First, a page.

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Creativity in Learning History

Said Hasyim - Creativity in Learning History

History is the window into the past, offering invaluable insights into past societies and culture. Human has been in a continuous pursuit of understanding the past. Though often regarded as an objective pursuit, learning about the past requires large amount of creativity—the ability to discern what was possible and make sense of disparate facts in myriad ways.

First, it is incorrect to suggest that history is purely objective and not subject to varying interpretations. For example, some insist that baseball has its root in America, while others contend that it originated in England. Further, there is a speculation that a giant American sports company, spun this tale for marketing purpose. This anecdote exemplifies the inherent fluidity of historical account that can be foretold in different versions.

Second, creativity allows us to create and analyze a viewpoint of the past. For instance, Congolese may tell us a narrative concerning a vengeful spirit inhabiting a young child. Even though its recording evidence may be convincing, it is impossible to establish the veracity of the story without medical analysis.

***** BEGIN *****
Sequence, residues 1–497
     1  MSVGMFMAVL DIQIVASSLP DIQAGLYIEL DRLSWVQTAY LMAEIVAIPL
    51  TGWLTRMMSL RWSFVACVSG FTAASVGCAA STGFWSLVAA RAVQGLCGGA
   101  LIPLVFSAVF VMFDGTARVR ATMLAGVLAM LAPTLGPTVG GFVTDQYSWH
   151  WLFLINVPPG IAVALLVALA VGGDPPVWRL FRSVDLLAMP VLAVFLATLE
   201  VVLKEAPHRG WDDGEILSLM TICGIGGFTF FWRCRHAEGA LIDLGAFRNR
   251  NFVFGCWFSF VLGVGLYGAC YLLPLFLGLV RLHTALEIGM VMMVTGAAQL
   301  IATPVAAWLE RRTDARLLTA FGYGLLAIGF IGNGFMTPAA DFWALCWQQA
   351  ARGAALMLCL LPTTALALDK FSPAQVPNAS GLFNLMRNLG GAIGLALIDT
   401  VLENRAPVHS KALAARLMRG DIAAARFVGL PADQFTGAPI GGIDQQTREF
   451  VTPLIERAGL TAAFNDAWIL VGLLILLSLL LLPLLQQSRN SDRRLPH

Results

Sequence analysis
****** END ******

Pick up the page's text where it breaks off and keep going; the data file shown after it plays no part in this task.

Finally, historians may use their ideas to fill in the gaps of incomplete stories. For instance, during the Han dynasty, historians mentioned that Zhuge Liang, the celebrated advisor to the ruler, was able to summon wind to gain a triumph in a battle. While the story remains contentious, two plausible explanations were proposed. One, it could be fabricated to reinforce the dynasty reputation in China. Two, it could be aggrandized by people who revered the advisor as a heroic figure.

Another example, archaeologists needed to exercise some creativity to investigate when our ancient foragers started catching fish and how much they ate because fish bones decay quickly; there was no sufficient trace to draw a firm conclusion.

In summary, collection of facts is not enough to paint the full picture of the past. It is only through creativity that we can come close to grasping the clear image of the past.